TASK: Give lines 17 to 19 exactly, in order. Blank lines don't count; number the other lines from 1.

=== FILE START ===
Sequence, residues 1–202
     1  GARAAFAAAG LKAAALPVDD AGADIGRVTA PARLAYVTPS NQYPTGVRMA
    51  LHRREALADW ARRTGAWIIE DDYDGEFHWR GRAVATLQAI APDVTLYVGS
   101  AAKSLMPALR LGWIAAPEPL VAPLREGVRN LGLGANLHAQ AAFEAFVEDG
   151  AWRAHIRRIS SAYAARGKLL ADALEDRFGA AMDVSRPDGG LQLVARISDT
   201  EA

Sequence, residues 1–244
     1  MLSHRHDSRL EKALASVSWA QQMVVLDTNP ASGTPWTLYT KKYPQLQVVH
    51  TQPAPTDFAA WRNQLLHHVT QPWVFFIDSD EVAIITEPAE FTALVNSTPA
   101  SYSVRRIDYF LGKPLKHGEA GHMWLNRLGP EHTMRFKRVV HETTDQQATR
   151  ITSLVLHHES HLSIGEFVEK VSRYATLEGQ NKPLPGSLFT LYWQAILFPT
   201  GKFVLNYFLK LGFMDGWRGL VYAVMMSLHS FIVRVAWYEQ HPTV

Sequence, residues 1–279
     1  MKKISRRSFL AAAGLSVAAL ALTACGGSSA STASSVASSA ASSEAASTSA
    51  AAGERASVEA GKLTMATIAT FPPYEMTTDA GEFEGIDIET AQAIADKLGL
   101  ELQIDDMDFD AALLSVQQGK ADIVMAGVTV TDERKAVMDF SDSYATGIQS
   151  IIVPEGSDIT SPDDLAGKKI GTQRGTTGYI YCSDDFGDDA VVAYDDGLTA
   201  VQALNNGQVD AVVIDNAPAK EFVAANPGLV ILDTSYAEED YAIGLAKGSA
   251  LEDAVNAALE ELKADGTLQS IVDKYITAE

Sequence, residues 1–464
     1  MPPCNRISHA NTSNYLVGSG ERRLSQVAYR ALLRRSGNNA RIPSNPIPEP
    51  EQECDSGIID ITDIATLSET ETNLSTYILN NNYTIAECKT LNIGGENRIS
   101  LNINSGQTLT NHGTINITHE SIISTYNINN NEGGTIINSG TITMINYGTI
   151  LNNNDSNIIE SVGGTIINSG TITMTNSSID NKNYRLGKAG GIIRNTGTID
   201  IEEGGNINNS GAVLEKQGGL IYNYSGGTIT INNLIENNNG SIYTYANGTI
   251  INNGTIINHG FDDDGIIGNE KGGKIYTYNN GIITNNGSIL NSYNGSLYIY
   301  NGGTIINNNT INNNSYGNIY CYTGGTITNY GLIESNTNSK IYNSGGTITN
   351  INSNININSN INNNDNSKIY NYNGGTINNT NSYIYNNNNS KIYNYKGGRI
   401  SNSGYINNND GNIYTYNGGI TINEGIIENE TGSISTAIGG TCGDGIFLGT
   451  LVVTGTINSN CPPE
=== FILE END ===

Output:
   151  IIVPEGSDIT SPDDLAGKKI GTQRGTTGYI YCSDDFGDDA VVAYDDGLTA
   201  VQALNNGQVD AVVIDNAPAK EFVAANPGLV ILDTSYAEED YAIGLAKGSA
   251  LEDAVNAALE ELKADGTLQS IVDKYITAE